Zum Hauptinhalt springen

Jüdische Studien: Tagungen und Veranstaltungen

Navigating Complexity Amidst Polarization: Postcolonial Perspectives & Jewish Studies

Semestereröffnung des Instituts für Jüdische Studien und Religionswissenschaft am 17. April 2024

Mittwoch, 17. April 2024| 16 Uhr Am Neuen Palais 11 | Haus 12 | Raum 0.39

Vortrag:  "Navigating Complexity Amidst Polarization: Postcolonial Perspectives & Jewish Studies"
Yael Attia & Jonathan Hirsch (Universität Potsdam)

Im Anschluss laden die Fachschaftsräte Jüdische Studien und Religionswissenschaft zu einem kleinen Umtrunk/Empfang im Foyer Haus 11 ein.

Nach oben

Sephardic Perspectives Research and Reading Group

Organised by Adem Muzaffer Erol

The research and reading group Sephardic Perspectives continues earlier work of the BMBF funded project “Sephardic Perspectives” (2014-2023) at the ZJS. It ams at strengthening Sephardic Studies in German academia by bringing together early career scholars through discussion groups, workshops, and conferences. Topics to be discussed include Sephardic networks, cultures, and identites, in early modern, modern and contemporary European and non-European, colonial and post-colonial worlds. A focus will be on inter-religious and inner-Jewish entanglements and/or encounters, in particular entanglements, and/or encounters between Ashkenazim and Sephardim and/or Sephardim and Sephardim from early modern times to the present. This includes discussons about different concepts and uses of the term “Sephardi/Sephardic” in dfferent contexts and (academic) cultures. Last but not least, the group will also pay attention to topics of Converso history, religion, and thought, both in the Iberian Peninsula and in the Western Sephardic Diaspora. Regular meetings will be scheduled once a month via zoom.  Scholars interested in participating are encouraged to contact Adem Muzaffer Erol (erol.muzaffer@gmal.com).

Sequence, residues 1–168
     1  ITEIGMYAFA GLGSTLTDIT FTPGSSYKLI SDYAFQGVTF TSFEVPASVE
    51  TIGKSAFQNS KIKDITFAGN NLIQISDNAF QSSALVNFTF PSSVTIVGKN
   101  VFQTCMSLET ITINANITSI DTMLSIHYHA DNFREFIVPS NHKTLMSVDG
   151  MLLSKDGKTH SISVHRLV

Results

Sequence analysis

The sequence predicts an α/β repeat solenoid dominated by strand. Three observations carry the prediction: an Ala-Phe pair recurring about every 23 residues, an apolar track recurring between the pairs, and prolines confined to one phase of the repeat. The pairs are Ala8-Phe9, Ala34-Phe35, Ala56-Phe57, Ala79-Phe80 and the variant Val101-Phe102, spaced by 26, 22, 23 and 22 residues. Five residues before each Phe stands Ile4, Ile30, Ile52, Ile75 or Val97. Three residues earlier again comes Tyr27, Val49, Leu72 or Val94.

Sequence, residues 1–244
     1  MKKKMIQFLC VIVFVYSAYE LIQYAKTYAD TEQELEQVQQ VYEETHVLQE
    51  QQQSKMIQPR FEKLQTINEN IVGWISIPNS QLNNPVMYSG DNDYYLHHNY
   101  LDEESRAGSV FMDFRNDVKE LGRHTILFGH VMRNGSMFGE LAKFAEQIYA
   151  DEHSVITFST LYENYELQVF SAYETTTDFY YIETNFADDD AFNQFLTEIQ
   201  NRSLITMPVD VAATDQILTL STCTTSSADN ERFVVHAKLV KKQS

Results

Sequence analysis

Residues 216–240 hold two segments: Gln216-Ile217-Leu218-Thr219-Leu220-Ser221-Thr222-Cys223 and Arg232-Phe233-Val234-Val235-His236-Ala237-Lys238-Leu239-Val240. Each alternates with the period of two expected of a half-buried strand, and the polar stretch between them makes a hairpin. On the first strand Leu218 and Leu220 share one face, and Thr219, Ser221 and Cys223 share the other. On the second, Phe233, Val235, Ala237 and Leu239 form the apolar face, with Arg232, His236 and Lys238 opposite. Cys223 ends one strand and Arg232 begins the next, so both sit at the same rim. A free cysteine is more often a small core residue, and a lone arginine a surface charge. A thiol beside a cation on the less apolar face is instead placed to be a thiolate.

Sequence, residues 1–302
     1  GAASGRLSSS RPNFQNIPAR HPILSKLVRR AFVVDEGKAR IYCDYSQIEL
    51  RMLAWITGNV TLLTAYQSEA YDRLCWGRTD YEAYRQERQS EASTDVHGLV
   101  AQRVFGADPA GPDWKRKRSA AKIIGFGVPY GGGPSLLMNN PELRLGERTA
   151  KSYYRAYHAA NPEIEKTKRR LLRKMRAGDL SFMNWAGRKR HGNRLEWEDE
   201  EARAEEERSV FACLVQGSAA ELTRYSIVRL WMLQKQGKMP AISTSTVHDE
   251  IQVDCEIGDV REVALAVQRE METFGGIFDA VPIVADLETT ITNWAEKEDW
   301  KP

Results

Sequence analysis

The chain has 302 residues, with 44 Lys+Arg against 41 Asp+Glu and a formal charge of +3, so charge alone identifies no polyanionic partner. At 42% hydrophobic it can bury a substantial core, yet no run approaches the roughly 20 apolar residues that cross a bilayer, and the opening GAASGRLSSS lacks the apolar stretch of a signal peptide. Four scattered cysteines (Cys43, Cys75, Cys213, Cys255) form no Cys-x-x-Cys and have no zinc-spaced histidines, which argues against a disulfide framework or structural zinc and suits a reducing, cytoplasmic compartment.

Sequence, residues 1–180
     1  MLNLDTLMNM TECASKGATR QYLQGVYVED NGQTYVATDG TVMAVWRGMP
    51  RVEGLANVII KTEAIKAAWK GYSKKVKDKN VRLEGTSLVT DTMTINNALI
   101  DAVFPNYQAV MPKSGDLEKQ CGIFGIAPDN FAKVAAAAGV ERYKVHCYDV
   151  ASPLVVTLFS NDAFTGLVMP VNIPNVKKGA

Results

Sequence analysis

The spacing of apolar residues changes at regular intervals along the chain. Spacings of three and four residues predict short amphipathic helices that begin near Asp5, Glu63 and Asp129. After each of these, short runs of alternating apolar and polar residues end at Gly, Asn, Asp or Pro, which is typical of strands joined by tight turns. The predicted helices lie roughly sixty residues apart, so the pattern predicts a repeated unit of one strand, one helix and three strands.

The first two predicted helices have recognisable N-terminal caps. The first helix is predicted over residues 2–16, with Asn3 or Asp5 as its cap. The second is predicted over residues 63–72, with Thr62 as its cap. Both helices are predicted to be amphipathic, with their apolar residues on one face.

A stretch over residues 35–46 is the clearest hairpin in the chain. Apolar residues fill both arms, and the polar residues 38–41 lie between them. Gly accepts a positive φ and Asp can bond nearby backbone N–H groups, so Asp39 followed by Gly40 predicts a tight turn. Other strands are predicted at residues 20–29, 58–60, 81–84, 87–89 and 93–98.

More information can be found here

The many faces of early modern Italian Jewry - International conference

organized by Dr Martin Borýsek and Dr Davide Liberatoscioli

University of Potsdam, Germany, 4th–7th October, 2021